Tar­get­ing the Un­banked

Wire­less tech­nolo­gies en­abled bank­ing in­fra­struc­ture and func­tions will con­nect the re­motest cor­ners with the main­stream

Voice&Data - - M2M - Ashish Gu­lati

Although fi­nan­cial in­clu­sion of the un­banked pop­u­la­tion in the coun­try is high on the de­vel­op­ment agenda of the govern­ment, but there are sig­nif­i­cant chal­lenges in mak­ing it a re­al­ity. One of the key chal­lenges is to ad­dress the gar­gan­tuan need for build­ing the req­ui­site bank­ing in­fra­struc­ture to en­able the ru­ral ar­eas to ac­cess fi­nan­cial ser­vices. Ob­vi­ously, such an ef­fort re­quires large-scale cap­i­tal in­vest­ments that are not re­ally an at­trac­tive propo­si­tion for the fi­nan­cial in­sti­tu­tions.

Reach­ing the Un­reach­able

How­ever, in the past few years, some novel ini­tia­tives un­der­taken by some of the mi­cro­fi­nance in­sti­tu­tions seemed to find a way out to ad­dress the chal­lenge. They started ap­point­ing lo­cal youths as agents (com­monly known as ‘ band­hus’) who served as a quasi ‘doorstep bank­ing ser­vice rep­re­sen­ta­tives’ for the ru­ral and un­banked pop­u­la­tions. How­ever even this model was fraught with its own set of chal­lenges.

Key Chal­lenges

The key chal­lenges were to keep the trans­ac­tions costs low and im­me­di­ate and se­cure rec­on­cil­i­a­tion of ac­counts with the core bank­ing net­work. A phys­i­cal rec­on­cil­i­a­tion of ac­counts is nec­es­sary, since ru­ral bank­ing in­volved a huge amount of pa­per­work, in­ef­fi­cient pro­cesses, a great deal of la­tency, and man­ag­ing the lo­gis­tics of a large hu­man net­work that is used to reach out to the ru­ral pop­u­la­tion. This adds up to huge cost over­heads that are con­se­quently passed on to the end consumer and de­feated the ba­sic premise of fi­nan­cial in­clu­sion.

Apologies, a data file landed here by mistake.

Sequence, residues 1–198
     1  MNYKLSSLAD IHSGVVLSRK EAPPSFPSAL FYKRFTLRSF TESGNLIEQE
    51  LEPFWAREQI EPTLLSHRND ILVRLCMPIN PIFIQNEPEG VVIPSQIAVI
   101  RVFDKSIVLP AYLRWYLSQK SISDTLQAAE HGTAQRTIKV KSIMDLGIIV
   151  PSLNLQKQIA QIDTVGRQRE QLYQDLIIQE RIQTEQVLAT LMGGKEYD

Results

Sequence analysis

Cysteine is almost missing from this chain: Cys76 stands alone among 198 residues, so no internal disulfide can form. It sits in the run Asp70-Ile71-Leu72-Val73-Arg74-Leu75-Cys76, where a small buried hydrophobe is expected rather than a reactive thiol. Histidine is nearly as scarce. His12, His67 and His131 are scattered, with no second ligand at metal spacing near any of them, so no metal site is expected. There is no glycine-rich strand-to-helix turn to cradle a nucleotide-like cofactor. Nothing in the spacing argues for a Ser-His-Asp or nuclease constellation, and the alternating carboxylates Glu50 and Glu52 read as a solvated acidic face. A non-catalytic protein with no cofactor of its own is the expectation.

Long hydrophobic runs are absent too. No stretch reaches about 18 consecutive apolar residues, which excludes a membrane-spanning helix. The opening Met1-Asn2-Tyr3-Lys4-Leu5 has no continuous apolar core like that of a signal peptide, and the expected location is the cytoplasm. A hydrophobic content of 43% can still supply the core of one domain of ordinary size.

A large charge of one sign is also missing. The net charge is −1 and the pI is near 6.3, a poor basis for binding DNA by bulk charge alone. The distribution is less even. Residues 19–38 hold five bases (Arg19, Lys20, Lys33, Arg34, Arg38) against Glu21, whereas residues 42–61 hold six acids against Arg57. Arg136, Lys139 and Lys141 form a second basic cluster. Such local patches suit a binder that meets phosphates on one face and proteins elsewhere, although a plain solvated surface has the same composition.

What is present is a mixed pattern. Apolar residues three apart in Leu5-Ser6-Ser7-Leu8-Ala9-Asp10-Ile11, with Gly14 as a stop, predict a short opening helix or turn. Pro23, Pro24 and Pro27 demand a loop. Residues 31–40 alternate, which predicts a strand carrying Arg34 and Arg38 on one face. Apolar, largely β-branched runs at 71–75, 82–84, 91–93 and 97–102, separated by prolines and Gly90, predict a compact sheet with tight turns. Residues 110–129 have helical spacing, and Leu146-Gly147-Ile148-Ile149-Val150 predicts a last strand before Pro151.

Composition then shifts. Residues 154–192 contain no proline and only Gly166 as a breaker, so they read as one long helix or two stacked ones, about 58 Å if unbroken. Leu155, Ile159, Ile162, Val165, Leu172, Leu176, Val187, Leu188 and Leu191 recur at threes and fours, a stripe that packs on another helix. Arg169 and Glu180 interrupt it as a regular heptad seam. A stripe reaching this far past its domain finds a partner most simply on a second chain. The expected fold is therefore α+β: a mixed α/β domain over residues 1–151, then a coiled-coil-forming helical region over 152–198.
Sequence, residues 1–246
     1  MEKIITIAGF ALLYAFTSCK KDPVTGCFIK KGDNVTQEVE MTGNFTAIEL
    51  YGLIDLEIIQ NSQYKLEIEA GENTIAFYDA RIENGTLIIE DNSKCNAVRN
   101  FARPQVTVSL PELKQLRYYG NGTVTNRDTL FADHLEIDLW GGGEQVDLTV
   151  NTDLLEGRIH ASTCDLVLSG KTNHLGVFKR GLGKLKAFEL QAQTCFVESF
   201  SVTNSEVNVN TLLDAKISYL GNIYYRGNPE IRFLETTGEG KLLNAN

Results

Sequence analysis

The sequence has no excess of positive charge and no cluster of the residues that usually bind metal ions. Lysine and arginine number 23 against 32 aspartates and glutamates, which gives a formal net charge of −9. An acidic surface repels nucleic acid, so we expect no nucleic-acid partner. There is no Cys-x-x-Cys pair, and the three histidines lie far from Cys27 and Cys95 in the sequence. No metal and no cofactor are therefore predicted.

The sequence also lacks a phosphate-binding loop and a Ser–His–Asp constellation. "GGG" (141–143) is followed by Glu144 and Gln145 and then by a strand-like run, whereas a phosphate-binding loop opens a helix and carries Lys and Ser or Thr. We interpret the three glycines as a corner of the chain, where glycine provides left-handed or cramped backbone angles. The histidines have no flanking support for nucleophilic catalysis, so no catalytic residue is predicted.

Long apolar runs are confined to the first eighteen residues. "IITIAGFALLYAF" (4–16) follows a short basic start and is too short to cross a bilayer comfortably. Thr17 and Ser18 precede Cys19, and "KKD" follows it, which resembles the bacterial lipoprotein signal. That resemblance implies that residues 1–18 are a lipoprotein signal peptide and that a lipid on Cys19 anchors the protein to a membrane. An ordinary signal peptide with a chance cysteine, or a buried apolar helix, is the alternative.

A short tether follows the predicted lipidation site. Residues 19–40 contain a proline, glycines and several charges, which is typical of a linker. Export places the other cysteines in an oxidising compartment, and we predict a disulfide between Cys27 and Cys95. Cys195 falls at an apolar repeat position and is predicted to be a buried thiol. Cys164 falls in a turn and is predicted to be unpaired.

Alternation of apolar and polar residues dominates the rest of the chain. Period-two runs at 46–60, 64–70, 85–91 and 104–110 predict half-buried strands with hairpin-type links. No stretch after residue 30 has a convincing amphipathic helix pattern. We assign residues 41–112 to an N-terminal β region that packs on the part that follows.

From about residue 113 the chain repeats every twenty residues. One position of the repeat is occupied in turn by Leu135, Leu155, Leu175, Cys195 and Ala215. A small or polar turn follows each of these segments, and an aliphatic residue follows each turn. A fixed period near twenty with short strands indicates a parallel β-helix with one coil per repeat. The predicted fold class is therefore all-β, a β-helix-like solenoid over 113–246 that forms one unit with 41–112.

Clearly, the an­swer of all these chal­lenges lies in adop­tion of the right kind of tech­nol­ogy that en­ables peo­ple to re­motely un­der­take se­cure trans­ac­tions that im­me­di­ately rec­on­ciles with the core bank­ing net­work.

In­tro­duc­tion of Ma­chine to Ma­chine (M2M) Elec­tronic Point of Sale (EPOS) to en­able se­cure wire­less trans­ac­tions should be the an­swer to such a hu­mungous chal­lenge. Hence ru­ral In­dia needs ro­bust hand­held ter­mi­nals that have highly se­cure in­te­grated wire­less mod­ules, which en­able the ter­mi­nals to in­ter­act with the core bank­ing net­work us­ing the cur­rent GSM/GPRS cel­lu­lar net­works and also func­tion in all types of weather con­di­tions. The wire­less mod­ules that are re­quired for bank­ing should be more ro­bust and able to have bi-di­rec­tional speeds nec­es­sary to sup­port a large num­ber of trans­ac­tions.

Ad­van­tages of Wire­less Tech­nol­ogy

Wire­less tech­nol­ogy sig­nif­i­cantly re­duces pa­per­work, saves time, and en­ables

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field agents to con­cen­trate on profit and other ac­tiv­i­ties as­so­ci­ated with mi­crobank­ing and mi­cro-in­sur­ance op­er­a­tions. The use of wire­less is not just re­stricted to EPOS hand­held ter­mi­nals, it’s also be­ing used to con­nect ATMS, which can be used to in­crease pen­e­tra­tion of bank­ing ser­vices in re­mote ar­eas. Wire­less tech­nol­ogy en­abled ATMS of­fer de­ploy­ment flex­i­bil­ity as they do not have to rely on a cop­per based in­fra­struc­ture. Cel­lu­lar en­abled ATMS can be placed wher­ever net­work cov­er­age ex­ists. This is of par­tic­u­lar use to those peo­ple who do not nec­es­sar­ily live within a rea­son­ably close dis­tance to the near­est town with bank­ing fa­cil­i­ties.

An­other ma­jor ad­van­tage of de­ploy­ing a cel­lu­lar en­abled ATM is safety and in­tro­duc­tion of re­mote mon­i­tor­ing ca­pa­bil­i­ties. Also, wire­less con­nec­tiv­ity can also be used to mon­i­tor trans­ac­tions that are sur­rep­ti­tious or ir­reg­u­lar in na­ture and flag the sys­tem, which will help the au­thor­i­ties to take timely cor­rec­tive mea­sures.

Si­mul­ta­ne­ously, the ATM screens can dou­ble up as a dig­i­tal sig­nage kiosk in ru­ral ar­eas and de­liver so­cial mes­sages on their screens. This way, peo­ple in the ru­ral ar­eas can be made aware of key is­sues that are im­por­tant to their liveli­hood. The author is coun­try man­ager, Telit Com­mu­ni­ca­tions S.P.A In­dia


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